How Valve Could Have Learned From The Sims Modding War

Published: April 29, 2015 1:00 PM /


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By now everyone knows about Valve’s decision to allow modders to sell their creations on the Steam Workshop. The first game to be initiated into this endeavor was The Elder Scrolls V: Skyrim, but to the surprise of no one, except apparently Valve, this has been an incredibly controversial decision. Of course this news is pretty old, as Valve has backpedaled  first by allowing a donate option on said mods and now disabling the option all together.

Frankly, as someone who has been involved in the PC gaming scene for years, I saw this coming. From the perspective of someone who watched the great Simmer wars during the Sims 2 and part of the Sims 3 era, I did not see this lasting very long. For those of you who may know, while the Skyrim modding scene is incredibly large, it is nothing compared to the size and experience of the Sims modding community. And nothing divided the community more than paid mods.

One was either part of the paid community or against; the different websites and forums hated each other and insults freely went flying. The most visible of the two sides were Modsthesims and the Simsresource. Modthesims was the bastion of the free modders while the Simsresource were the paragons of the paid modders. So if one were to compare the two to the former situation Modthesims is The Nexus and the Simsresource is Steam.

The war was a long and brutal one with people joining the Simsresource to download the paid mods (keep mind that this site operated the way that Steam did a few short days ago) and uploading them for free. Any Simmer who charged for their mods was looked at by the other side with both suspicion and derision. It wasn’t until the Simsresource finally released all their mods for free (instead they charge a subscription free for an ads free version of their website) that the war basically ended. Of course, there are still pockets of modders who still charge for their better creations. But for the most part it's over.

That’s the future that I saw for the Skyrim community, especially because unlike the Sims mods, Skyrim mods are pretty incestuous. So many of the most popular resources are used in a multitude of mods today. The most salient example being The Art of The Catch mod that was uploaded to Steam during their pay mods experiment. That mod was based on resources from Fores Idles, which allows for custom animations to be used in-game. This  made many Skyrim fans realize they can't be sure the mods they paid for weren’t based on other free mods. At least with The Nexus, modders need permission from resource owners before they can upload their own work. There is no such protection on Steam.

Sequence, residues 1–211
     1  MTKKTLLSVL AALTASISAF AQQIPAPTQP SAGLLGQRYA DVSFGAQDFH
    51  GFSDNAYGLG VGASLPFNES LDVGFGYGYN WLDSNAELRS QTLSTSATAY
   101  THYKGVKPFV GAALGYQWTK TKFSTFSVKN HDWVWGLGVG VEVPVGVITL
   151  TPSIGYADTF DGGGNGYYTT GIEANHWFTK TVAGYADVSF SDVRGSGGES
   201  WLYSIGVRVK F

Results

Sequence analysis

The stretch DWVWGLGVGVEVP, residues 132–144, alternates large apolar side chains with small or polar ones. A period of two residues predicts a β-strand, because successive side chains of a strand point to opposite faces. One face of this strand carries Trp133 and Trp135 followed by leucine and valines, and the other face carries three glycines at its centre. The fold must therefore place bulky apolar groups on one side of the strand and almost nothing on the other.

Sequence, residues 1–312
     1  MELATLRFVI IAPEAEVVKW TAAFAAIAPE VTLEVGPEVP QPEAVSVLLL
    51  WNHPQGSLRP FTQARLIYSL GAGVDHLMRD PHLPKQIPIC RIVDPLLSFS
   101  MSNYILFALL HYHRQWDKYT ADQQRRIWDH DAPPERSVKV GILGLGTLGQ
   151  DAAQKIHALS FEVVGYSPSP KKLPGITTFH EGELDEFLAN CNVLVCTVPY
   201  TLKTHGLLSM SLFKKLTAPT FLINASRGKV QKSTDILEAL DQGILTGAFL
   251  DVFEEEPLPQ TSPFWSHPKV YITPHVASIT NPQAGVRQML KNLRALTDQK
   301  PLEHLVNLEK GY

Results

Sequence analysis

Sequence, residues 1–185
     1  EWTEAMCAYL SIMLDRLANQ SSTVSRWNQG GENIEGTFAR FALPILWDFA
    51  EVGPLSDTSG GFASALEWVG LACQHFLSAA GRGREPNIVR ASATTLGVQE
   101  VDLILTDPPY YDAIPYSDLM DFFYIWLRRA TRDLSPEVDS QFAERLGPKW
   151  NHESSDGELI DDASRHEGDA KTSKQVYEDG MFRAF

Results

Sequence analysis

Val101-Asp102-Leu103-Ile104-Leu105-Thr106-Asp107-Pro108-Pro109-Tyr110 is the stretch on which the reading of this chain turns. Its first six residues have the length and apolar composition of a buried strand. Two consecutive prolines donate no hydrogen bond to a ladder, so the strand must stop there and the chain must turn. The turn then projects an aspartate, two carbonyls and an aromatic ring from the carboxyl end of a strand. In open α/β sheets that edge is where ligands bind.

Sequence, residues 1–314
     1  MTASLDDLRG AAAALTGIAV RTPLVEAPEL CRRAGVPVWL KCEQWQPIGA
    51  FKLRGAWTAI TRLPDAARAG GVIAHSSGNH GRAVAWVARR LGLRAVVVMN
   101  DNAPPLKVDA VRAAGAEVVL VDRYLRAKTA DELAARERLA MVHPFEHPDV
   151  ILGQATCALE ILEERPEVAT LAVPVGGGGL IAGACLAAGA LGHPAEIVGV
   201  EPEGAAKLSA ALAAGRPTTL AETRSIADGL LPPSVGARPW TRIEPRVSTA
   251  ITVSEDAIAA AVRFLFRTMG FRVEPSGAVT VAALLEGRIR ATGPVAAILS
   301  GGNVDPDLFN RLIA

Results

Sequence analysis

Of course now this is a non-issue since, again, Valve has changed their minds. But allowing modders to profit from their work wasn’t necessarily a bad thing. The problem was forcing people to pay instead of just allowing them to donate which was Valve’s second idea. Looking back on what happened with the Simsresource, they went from putting the best mods behind a paywall to instead allowing them free for all users.

In the end, the problem in this humble writer’s opinion was two-fold. One, the Skyrim modding community is just too old. It’s been around for so many years and there are so many mods. Like previously stated, so many of the assets are intermingled; the vast majority of animations use Fores Idles to integrate in-game; any custom race requires RaceCompatibilty along with RaceMenu and ECE to function; and of course one can’t forget SkyUI which was rumored to be going under a paywall on Steam. This could have been a potential disaster because so many mods depend on your game having SkyUI.

I approached this from the perspective of someone who watched paysites tear a community apart, and there are still problems in the Sims community. The Skyrim modding community, which already has some minor divisions, was already fragmenting with the arrival of Forever Free on The Nexus, a logo that modders could add to their creations to pledge to never add them to the Steam Workshop Initiative. Please keep in mind the vast majority of Skyrim players believe that modders should be compensated for their work. And if Valve had approached this situation with a donate option first, I truly believe that the issue would not have blown up the way it did. Perhaps the Skyrim community is just too vast and old for this project. Maybe with a different, younger game this would not have become such an issue.

If Valve was to try again, and they should try again, The Elder Scrolls 6 would be a better option since Bethesda was already on board. It would also give Valve time to implement rules about mods that use resources from other mods so that there isn’t another Fores situation. With the ability for people to donate to the modder, which is a fair compromise, Valve could also improve on the amount that they take because of the issue that 75% cut they received caused. But then again this is all wishful, and we’ll just have to wait and see what they do in the future.


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